Three thumb guard myths that may surprise you

Posted by Jayne Schembri on

 

 

Nature vs. Nurture -The Thumb Sucking Debate. Part Two

 

  • You may have heard claims that it is cruel to put a thumb guard on your child. Perhaps you have been informed that thumb guards can injure a child's mouth or make their hand sore?

 

The rumor stems from memories of a somewhat severe-looking device used in the 1930s. The Baby Alice Thumb Guard, worn strapped to the hand, held the thumb rigid. When the baby attempted to suck their thumb, they received a mouthful of wire instead of comfort. Clearly, the experience would not have been pleasant, and by the standards of today, you might consider the appliance to be barbaric.

 

Most thumb guards today, however, are made of soft, comfortable fabrics. Our thumb and finger guards are individually made to the particular specifications of your child. The outer wrapping is made from colorful cotton or polycotton materials (we have several designs for your child to choose from). The inner lining is made from soft jersey or stretchable type fabrics that adds strength to the guard without compromising comfort. We also offer a choice of fastenings so you can select the most suitable for your child's needs.

 

  • Perhaps you have heard that thumb guards can be removed by children, proving that they are useless and cannot perform the task they were created for?

 

The truth is that, yes, thumb guards can, under normal circumstances, be removed by children. In fact, they are designed to be removable. Thumb guards are intended to help children who have made their own decision to end their sucking habit. Therefore we believe it is equally important to create guards that children can use without assistance.

 

By five years old, children are developing the skills required to perform daily tasks independently. Many will fiercely defend their right to do so. For some tasks, however, such as using the bathroom, although the guards are washable,  it is not appropriate to wear one.

 

If your child has to keep asking for their guard's removal, this removes part of their independence. This may lead them to view the guard as a restriction rather than an aid. Thumb guards are not a punishment for thumb sucking; therefore, it is important that your child does not begin to view them as such.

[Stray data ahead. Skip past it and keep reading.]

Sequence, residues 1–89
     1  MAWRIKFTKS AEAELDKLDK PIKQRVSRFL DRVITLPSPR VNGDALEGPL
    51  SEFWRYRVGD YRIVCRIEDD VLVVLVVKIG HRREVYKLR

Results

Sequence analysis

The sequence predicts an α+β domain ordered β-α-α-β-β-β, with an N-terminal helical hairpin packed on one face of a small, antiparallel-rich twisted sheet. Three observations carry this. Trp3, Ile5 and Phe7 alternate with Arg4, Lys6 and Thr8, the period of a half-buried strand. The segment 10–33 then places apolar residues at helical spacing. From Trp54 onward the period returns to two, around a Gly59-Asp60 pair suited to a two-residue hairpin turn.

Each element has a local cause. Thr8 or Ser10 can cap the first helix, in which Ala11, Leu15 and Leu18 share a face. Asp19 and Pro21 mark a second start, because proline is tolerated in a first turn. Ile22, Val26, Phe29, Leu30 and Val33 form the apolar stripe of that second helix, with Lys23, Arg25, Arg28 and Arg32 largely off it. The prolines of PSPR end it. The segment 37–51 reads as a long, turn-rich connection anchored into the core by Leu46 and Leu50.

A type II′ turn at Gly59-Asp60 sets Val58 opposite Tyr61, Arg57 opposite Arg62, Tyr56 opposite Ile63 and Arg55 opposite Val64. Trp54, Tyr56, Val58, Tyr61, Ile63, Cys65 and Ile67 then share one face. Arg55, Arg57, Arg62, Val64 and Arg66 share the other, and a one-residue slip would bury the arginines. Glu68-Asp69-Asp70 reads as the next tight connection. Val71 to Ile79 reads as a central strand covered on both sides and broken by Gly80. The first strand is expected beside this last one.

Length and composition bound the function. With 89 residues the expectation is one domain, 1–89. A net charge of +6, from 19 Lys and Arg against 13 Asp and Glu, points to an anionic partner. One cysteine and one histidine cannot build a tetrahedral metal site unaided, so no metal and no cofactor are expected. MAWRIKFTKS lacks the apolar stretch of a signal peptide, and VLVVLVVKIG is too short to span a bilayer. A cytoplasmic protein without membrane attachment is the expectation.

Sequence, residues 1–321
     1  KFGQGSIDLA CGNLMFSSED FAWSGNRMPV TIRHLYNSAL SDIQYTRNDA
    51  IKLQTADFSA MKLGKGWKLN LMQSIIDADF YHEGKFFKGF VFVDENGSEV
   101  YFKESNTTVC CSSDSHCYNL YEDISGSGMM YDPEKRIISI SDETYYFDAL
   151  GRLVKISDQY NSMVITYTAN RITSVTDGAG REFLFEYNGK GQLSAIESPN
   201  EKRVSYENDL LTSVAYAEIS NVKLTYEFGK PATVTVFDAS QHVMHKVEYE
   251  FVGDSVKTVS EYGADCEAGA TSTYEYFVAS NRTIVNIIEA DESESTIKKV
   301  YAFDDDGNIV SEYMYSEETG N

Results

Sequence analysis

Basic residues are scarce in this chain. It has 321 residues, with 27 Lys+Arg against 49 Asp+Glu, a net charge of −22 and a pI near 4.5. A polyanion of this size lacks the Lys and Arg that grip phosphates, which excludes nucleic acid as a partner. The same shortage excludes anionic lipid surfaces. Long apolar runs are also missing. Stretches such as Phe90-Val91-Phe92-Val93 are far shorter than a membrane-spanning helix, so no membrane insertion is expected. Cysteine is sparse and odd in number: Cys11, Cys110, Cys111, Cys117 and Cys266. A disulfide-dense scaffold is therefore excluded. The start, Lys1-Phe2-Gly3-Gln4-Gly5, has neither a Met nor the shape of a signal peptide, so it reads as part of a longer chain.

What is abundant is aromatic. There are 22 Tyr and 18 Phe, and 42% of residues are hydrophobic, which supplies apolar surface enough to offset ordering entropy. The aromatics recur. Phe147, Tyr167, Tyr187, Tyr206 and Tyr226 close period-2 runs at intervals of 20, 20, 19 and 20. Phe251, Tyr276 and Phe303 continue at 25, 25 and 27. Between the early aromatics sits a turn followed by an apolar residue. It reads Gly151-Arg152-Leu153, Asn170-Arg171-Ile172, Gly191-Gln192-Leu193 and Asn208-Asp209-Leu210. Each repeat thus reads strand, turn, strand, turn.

Having said that, we recognize that there are times when it is necessary for parents to make the decision to end or reduce a sucking habit on behalf of their child. Our guards can be worn by any age. They are also suitable for children and adults with special needs, as well as babies with sucking blisters.

 

We cannot guarantee your child will not remove our products under these circumstances, however. In truth, since they are not able to make the decision for themselves, very young children and children with disabilities are more likely to attempt removal.  You can reduce the likelihood of this by choosing the fastening your child is least likely to undo. A two-year-old will quickly master a velcro fastening but is less likely to manage a snap or button. We can also attach a buckle clip for a small additional cost.

 

  • Are you concerned that a thumb guard will prevent your child from playing?

 

Thumb guards neither restrict the movement of a child's arm or their hand and fingers.  The guards simply cover the thumb and are held in place by fastening across the lower palm and around the wrist. With all movements uncompromised, your child will, therefore, be able to participate in most activities while continuing to wear their thumb guard.

 

Interestingly, many parents and carers, who have tried our product on their children, report that the guard actually helps their child participate more fully. This is because they now have two hands available,  rather than having one otherwise occupied within their mouth.

 

In conclusion

 

Far from being an uncomfortable, cruel restraint, that will restrict your child’s daily activities, thumb guards are a gentler way to help children stop thumb sucking independently.

 


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